Virtual Doctors Visits
If you think doctors would rather skip the personal connections with their patients, you could be wrong. Telemedicine has failed to take hold in the same way that other, newer, technologies have. This is where video conferencing and data transfer through phones and the Internet connect doctors to patients. The idea seems to be lagging not because of technical challenges, expense or insufficient need. It appears doctors are holding up the process. According the the New York Times, a recent study by researchers at the University of Texas Medical School in Houston looked at the impact of telemedicine on patients in the intensive care unit. Although the researchers had initially set out to study telemedicines effect on mortality, complications and the length of stay of patients in five different hospitals they inadvertently discovered the extent to which clinicians were reluctant to incorporate this technological change. Many doctors agreed, telemedicine seems to depersonalize the relationship and destroy trust. Others, including Rashid Bashshur, director of telemedicine at the University of Health System, say online medicine is a less expensive way of providing routine care. The argument that you need the laying on of hands to practice medicine is an old and tired argument that simply has no credibility, he said. There are two constants in medicine: change and resistance to change. One group in Texas offers its clinic virtual visits to anyone in the state for about $50. The system has much to recommend it. Patients can log in, choose a physician from those available, and have an immediate real-time conversation, including (and this seems crucial to me) video conferencing. However, Texas law requires that before doctors consult with patients or prescribe medicine online or over the phone, they form a relationship through means like a physical examination. Perhaps there is some middle ground for healthcare and technology to meet. My view is that we want to provide the highest quality care possible for our patients, Dr. Eric Thomas of a lead author of the study and director of the University of Texas-Memorial Hermann Center for Health Care Quality and Safety said. In some situations that might be with a remotely located physician; in others, not. I think that as long as we keep our eye on the ball that ball being the patient we will be okay in the end. We can divide our work up in new ways and still do what is best.About the Author:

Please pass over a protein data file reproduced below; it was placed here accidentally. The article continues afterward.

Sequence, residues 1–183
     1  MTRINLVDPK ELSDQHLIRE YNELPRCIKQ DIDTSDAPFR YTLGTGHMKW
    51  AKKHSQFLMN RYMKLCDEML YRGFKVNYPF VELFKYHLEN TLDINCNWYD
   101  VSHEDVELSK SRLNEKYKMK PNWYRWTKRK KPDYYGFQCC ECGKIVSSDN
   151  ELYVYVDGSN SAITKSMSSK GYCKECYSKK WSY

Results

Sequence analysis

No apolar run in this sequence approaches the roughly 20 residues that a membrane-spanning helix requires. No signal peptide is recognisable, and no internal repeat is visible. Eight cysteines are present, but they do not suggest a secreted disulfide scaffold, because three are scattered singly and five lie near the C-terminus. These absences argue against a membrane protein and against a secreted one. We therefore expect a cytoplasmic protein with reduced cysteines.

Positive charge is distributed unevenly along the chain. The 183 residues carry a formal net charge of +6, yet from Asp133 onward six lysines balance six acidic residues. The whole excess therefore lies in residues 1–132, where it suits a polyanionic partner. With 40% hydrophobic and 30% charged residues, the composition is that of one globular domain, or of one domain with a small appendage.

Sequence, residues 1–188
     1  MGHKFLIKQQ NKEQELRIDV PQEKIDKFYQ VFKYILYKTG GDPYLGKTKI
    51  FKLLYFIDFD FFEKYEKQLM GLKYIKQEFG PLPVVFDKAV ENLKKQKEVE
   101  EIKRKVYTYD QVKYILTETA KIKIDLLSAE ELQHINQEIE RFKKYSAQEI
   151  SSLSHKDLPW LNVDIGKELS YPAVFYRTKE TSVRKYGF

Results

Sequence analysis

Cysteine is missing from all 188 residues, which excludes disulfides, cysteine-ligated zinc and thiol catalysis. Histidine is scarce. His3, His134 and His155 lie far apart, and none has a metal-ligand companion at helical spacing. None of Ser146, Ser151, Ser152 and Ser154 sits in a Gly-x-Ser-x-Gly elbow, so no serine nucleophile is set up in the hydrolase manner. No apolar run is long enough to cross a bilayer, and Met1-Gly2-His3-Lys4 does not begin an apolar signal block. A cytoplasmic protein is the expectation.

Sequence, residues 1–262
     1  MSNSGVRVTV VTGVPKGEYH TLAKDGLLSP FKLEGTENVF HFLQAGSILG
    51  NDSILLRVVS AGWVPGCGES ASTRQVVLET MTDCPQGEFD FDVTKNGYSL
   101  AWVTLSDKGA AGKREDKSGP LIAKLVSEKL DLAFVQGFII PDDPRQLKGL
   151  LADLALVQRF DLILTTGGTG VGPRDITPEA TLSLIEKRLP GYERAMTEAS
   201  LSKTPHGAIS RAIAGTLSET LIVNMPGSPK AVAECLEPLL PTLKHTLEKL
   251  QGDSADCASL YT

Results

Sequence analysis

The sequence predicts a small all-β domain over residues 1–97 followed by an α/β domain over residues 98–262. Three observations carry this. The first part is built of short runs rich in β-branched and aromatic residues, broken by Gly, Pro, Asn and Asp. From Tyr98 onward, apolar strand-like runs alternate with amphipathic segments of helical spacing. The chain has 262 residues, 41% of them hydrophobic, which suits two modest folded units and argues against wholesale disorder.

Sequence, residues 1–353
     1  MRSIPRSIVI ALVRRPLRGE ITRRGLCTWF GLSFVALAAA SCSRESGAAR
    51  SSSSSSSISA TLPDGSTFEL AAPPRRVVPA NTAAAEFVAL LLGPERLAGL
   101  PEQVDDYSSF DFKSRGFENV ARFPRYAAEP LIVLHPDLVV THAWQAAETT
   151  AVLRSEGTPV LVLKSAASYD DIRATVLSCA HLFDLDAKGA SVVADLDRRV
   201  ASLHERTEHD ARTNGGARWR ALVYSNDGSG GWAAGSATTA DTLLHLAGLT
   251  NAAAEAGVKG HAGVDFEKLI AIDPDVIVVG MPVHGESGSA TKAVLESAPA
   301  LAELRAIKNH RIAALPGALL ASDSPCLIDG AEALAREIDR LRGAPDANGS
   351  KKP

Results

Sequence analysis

Lenneice A. Drew is an experienced journalist currently focused on healthcare reform She is working to help others achieve better lives by finding affordable health insurance alternatives and reporting stories related to the healthcare industry. She lives in Miami, Florida.